With Nathan Vasher possibly out for the year — he’s at least out a couple weeks — there’s talk of the Bears removing Danieal Manning from returning kickoffs to focus on defense because they’ll need the depth at cornerback. I think that would be a big mistake. The Bears were a block away from returning the opening kickoff last week and it’s all thanks to Manning’s straight upfield return style. Besides, what are they worried will happen? That he’ll get hurt? It’s not like it’ll fatigue him. The offense takes the field after kickoff returns, not the defense. That is, unless he returns one for a touchdown or he coughs up the ball. Minnesota’s Ryan Longwell is 8th in the league in field goals made while Robbie Gould is 20th. But there’s a disturbing stat for Vikings fans when it comes to the punting game. Punter Chris Kluwe is fifth in the league in punt average, booming the ball at 47.3 yards per pop. Problem is, their kick coverage isn’t good and he’s 32nd in the league with a 33.9 net average. Opponents have returned 30 punts for 535 yards and 4 touchdowns — both of which are worst in the league. This is Devin Hester’s best chance to get something going. While I like Longwell and Minnesota’s field goal team, their kick coverage could cause them some problems. Slight edge Bears.
Huge rivalry game between these NFC North leaders. One of them will walk away with a 7-5 record and in good shape to make the playoffs. The other will not have control of their own destiny and will have added pressure on them for the remaining four weeks. In prime time on national TV, the Bears have played well this season. They’ve beaten the Colts and Eagles, two opponents that were favored to win. They’ve also played nicely indoors against the Colts, Lions, Falcons, and Rams. The Bears are just 1-3 in Minnesota in Lovie Smith’s tenure as Bears head coach. Their lone win came in their Super Bowl season in 2006 when a late touchdown pass from Rex Grossman to Rashied Davis sealed the deal. To win this game, the Bears will have to take control of the game by trying to get something going with the run and not letting the crowd disrupt the continuity of the offense. The defense will have to keep Adrian Peterson in check and prevent him from making the big play — specifically, a 20-plus yard carry. And most of all, they’ll need to rush the passer better than they have all season. Even if they don’t get a sack, they have to at least make Gus Frerotte feel uncomfortable in the pocket and not let him get into a rhythm. In short, they’ll have to put forth their best effort of the season. Anything less won’t get the job done, unless the Vikings simply implode. Unfortunately, I just don’t see them executing as needed, and — I hope they prove me wrong — I see them coming up just short.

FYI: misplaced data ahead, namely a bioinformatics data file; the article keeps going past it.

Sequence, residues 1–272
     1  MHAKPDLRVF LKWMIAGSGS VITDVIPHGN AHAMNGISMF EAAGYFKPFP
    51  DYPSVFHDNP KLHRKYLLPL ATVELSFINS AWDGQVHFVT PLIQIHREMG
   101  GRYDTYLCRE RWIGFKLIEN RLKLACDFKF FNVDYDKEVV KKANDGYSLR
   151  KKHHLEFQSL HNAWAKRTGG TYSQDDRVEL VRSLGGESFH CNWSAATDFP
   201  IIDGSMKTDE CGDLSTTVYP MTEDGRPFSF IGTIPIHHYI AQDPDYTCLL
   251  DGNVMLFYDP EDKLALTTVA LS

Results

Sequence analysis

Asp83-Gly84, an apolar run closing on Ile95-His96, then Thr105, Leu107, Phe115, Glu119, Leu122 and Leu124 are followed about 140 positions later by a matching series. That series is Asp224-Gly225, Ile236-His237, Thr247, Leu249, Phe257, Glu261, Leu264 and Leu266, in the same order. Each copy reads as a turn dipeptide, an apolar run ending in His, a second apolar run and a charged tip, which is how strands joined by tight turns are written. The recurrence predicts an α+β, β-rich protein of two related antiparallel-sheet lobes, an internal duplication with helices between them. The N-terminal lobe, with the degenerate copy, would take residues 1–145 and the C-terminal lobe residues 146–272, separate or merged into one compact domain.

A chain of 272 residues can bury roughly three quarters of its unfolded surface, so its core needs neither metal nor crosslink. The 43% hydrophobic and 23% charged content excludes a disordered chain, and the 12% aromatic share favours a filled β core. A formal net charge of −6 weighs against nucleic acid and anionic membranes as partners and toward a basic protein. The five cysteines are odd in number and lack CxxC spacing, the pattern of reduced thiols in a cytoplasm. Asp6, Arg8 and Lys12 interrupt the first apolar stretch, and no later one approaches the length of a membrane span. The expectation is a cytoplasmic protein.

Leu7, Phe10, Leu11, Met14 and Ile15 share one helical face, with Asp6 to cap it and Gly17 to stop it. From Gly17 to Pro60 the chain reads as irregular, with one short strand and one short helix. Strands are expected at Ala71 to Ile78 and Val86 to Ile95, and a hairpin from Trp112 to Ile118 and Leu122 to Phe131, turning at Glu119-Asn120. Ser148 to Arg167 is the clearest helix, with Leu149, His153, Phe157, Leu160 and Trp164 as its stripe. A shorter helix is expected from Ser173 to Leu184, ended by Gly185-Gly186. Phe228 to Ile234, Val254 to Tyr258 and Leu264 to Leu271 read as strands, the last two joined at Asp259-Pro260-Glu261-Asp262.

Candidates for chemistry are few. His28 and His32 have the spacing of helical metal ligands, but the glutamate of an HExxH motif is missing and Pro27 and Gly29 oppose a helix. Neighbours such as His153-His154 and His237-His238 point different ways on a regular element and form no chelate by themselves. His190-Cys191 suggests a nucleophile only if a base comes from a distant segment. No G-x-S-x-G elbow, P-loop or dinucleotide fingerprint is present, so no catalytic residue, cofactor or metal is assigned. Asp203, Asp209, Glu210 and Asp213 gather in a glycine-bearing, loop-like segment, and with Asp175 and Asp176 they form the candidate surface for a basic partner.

Final Score: Minnesota 27, Chicago 24